This was a great year to be a Summit Springs Farm CSA member! We’ve crunched the numbers, and they are impressive: This season a full share cost $475, and the total value of the food members received was worth $669.25. That’s almost $200 more than folks payed for, and that total doesn’t even fully include all the tomatoes that were offered!
On the one hand, we’re thrilled. To have a season like 2010 after the past two very wet, very challenging seasons is inspiring, and we feel as though we and our CSAers have earned the bounty. But on the other hand, we worry about setting the bar too high. This was the best growing season we’ve ever had, but no growing season is perfect, and the variation from year to year can be extreme. Even this season, we had some disappointments. Our strawberries were small and funky due to early maturation because of unseasonably warm weather in the early spring followed by a late frost. Our eggplant crop completely failed because of a population explosion of a little critter called the tarnished plant beetle. Those beetles ate 95% of the eggplant flowers, and the plants were never able to fruit. Broccoli was also almost non-existent due to our lack of knowledge about the correct planting dates (Sonya thinks she’s finally nailed it down thanks to all the help and support she’s received as a participant in MOFGA’s Journeyperson Program). Cauliflower was also a bust; we lost one planting to weeds and another was planted too late. Our chard didn’t do particularly well, either. We try to have lettuce available weekly, but this summer it just couldn’t make it through the heat and most of it bolted.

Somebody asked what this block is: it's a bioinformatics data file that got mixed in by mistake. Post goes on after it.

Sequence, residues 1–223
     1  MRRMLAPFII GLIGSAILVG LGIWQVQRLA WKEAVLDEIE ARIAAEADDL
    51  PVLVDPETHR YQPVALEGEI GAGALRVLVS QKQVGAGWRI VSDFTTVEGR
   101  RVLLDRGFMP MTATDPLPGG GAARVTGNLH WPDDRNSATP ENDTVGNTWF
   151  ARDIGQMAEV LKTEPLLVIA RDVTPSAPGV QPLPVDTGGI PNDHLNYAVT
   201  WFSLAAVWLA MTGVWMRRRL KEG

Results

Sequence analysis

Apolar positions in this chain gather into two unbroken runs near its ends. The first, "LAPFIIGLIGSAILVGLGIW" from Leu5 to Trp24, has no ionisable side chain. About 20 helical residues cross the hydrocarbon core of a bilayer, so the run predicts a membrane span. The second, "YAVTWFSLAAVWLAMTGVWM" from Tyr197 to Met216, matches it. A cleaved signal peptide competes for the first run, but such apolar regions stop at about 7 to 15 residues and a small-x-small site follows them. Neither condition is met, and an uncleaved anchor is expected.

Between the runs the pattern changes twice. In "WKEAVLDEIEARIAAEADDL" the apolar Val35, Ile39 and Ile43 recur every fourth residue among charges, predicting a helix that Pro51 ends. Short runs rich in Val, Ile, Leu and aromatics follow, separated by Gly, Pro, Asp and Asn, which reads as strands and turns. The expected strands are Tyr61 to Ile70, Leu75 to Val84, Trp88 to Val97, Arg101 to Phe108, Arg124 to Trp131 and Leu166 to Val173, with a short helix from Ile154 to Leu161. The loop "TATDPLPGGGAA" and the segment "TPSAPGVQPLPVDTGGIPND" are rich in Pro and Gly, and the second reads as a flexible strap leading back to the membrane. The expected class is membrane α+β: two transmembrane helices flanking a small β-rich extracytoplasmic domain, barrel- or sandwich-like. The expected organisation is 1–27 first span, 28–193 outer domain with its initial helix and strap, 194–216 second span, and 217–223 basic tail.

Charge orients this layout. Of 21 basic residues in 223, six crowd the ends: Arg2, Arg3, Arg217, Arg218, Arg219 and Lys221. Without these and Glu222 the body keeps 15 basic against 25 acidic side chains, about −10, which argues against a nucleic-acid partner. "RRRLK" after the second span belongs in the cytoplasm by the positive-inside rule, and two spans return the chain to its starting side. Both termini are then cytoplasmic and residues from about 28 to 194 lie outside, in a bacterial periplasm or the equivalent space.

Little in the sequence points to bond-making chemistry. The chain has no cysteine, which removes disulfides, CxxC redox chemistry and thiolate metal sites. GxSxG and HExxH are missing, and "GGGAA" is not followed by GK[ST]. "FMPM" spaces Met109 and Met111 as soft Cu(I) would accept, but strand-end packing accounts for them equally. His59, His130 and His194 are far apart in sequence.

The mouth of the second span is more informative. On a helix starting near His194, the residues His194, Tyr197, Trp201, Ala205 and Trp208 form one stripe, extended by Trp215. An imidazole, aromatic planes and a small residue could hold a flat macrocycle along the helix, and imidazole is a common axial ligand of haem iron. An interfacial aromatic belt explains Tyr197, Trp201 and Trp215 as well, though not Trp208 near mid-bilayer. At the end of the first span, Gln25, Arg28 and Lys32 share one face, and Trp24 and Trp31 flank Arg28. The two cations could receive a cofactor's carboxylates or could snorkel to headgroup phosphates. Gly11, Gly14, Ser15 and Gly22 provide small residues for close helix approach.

For the most part, however, we had more than enough of everything else we grew. We hope we didn’t overload you with too many tomatoes or cucumbers or summer squash, and if we did, we hope you froze/canned some of them for winter use or gave it away. John will soon be looking at all the surveys we got back and blogging about the results. The surveys give us a more detailed sense of what you all really thought of the season, but from talking with members individually and glancing at surveys as they came in it seems that most of you were happy this season. We just want everyone to keep in mind that things will be different every season. It’s worth recalling the numbers from 2008 and 2009: Last season, members lost a little less than $30 due to, essentially, a complete absense of the season known as “summer”; in 2008, which was also a pretty crappy, wet, cool season, members received almost $80 more in value than they paid in. It’s a rollercoaster ride, folks; there’s a lot that we have control over and a whole lot more that’s completely out of our hands. That’s the dangerous allure of farming, and we certainly appreciate your support during the highs of positve, productive seasons like the one just ending and during the lows of the challenging ones!
If you are interested in knowing exactly what veggies you received each week during the 2010 season as well as their cash value, we would be happy to e-mail you that information. Just let us know by calling 998-2196 or e-mailing the farm at firstname.lastname@example.org.
Also, a reminder that the season still rolls along. If you’d like to be added to our weekly e-mail listing what veggies are still available (kale! beets! parsnips! bok choy! cabbage! carrots! eggs! much more!!), please let us know. Don’t forget to come see us at market on Wednesdays in Portland and Saturdays in Bridgton, too. And, once again, please bring us your leaves!!! We’ve still got plenty of mulching to get done.